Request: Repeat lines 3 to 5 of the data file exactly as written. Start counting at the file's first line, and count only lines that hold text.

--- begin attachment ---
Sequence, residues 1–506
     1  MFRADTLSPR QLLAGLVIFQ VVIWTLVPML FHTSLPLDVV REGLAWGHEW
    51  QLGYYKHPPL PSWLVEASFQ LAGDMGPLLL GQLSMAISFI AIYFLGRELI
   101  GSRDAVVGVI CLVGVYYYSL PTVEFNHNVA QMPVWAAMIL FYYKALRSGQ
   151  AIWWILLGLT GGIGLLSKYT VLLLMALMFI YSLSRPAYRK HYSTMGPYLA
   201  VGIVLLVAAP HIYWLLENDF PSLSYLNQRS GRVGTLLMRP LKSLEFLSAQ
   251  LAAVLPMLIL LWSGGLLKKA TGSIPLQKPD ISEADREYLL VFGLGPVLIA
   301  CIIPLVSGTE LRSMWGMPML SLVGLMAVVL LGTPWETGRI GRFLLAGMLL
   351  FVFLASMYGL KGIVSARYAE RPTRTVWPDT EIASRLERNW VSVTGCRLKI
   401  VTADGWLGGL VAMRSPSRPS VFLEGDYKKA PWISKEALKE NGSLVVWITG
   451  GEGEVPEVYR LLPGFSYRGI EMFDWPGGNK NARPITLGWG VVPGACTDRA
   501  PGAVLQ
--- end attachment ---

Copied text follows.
    51  QLGYYKHPPL PSWLVEASFQ LAGDMGPLLL GQLSMAISFI AIYFLGRELI
   101  GSRDAVVGVI CLVGVYYYSL PTVEFNHNVA QMPVWAAMIL FYYKALRSGQ
   151  AIWWILLGLT GGIGLLSKYT VLLLMALMFI YSLSRPAYRK HYSTMGPYLA